From the above, it is essential to consider the basic building blocks of truly understanding the “customer”. These are foundational and leveraging on digital technologies can be built on top of it. Without the strong foundation, other seemingly revolutionary technologies or strategies will always fall short of our desired business goals.

To codify these building blocks, various theories and frameworks have been developed by academics and industry players. From “Jobs To Be Done” (JTBD), created by Tony Ulwick and popularised by the late Harvard professor, Clayton Christensen, which focuses on businesses asking the question about why the customer is hiring their product or service and what “end” is the customer trying to meet with the product or service; Nudge Theory by Noble Prize laureate, Richard Thaler, which applies principles in behavioural economics to influence customers to make a desirable decision; and Customer Journey Mapping by Chip Bell and Ron Zemke, depicting the various customer touch points with the business, with the aim to minimise friction and influence the customer as a result.

Irrespective of which model, theory, or framework you choose and irrespective of the industry, the essence of who the customer is and what we are attempting to influence them to do must always be at the centre of it.

Internal processes can become more efficient with application of technology, improving the general product or service delivery. When customers interact with businesses, they leave tons of data in their wake. Using technology, this can be leveraged to further refine the process of understanding the customer and having a better product or service. The data can also be used for predictive analysis and to tailor personalised experiences for customers, enabling businesses to “surprise” customers with their solutions to their sub-conscious needs before they even become apparent. The use of technologies like AI-enabled chatbots and virtual assistants can significantly improve customer interactions by simplifying basic requests and providing quicker turnaround to certain inquiries by customers, reducing the emotional burden of “waiting” in line to speak to a customer service representative. AI-enabled CRM applications enable a unified system that empowers both the customer-facing employee and the customer to be more efficient and make interactions proactive and purpose-driven.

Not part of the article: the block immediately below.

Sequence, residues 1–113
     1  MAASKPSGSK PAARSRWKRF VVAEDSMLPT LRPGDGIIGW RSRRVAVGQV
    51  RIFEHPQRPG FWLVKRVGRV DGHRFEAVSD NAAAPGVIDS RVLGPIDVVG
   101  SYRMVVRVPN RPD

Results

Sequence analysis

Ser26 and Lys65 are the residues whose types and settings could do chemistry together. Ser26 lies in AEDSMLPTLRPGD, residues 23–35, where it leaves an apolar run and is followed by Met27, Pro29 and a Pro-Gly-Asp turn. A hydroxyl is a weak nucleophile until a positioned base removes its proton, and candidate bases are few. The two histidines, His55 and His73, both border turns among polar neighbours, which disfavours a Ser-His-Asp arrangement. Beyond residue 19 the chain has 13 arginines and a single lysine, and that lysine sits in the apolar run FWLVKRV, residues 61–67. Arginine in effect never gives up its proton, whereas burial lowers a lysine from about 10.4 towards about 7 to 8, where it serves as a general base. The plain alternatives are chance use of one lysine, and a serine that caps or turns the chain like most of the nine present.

Technology can cause a seismic shift and give wings to customer experience, once the fundamental building blocks are in place. Businesses should focus on building the skill set of their employees in areas around empathy, behavioural economics, and design thinking to provide a solid foundation for its customer experience strategy.

The author is an experienced banking professional, a certified Retail Banker with passion for customer experience and people. She is currently the Manager, Commercial Client Service at Stanbic Bank Ghana.